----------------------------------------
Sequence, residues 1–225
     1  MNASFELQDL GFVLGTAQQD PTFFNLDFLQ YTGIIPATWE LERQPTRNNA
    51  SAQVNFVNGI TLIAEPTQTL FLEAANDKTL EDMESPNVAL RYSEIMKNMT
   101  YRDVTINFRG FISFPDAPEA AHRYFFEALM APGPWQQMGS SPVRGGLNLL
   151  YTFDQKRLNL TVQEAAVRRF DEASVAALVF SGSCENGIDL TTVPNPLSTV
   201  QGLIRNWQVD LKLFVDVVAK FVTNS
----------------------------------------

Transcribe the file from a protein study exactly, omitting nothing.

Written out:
Sequence, residues 1–225
     1  MNASFELQDL GFVLGTAQQD PTFFNLDFLQ YTGIIPATWE LERQPTRNNA
    51  SAQVNFVNGI TLIAEPTQTL FLEAANDKTL EDMESPNVAL RYSEIMKNMT
   101  YRDVTINFRG FISFPDAPEA AHRYFFEALM APGPWQQMGS SPVRGGLNLL
   151  YTFDQKRLNL TVQEAAVRRF DEASVAALVF SGSCENGIDL TTVPNPLSTV
   201  QGLIRNWQVD LKLFVDVVAK FVTNS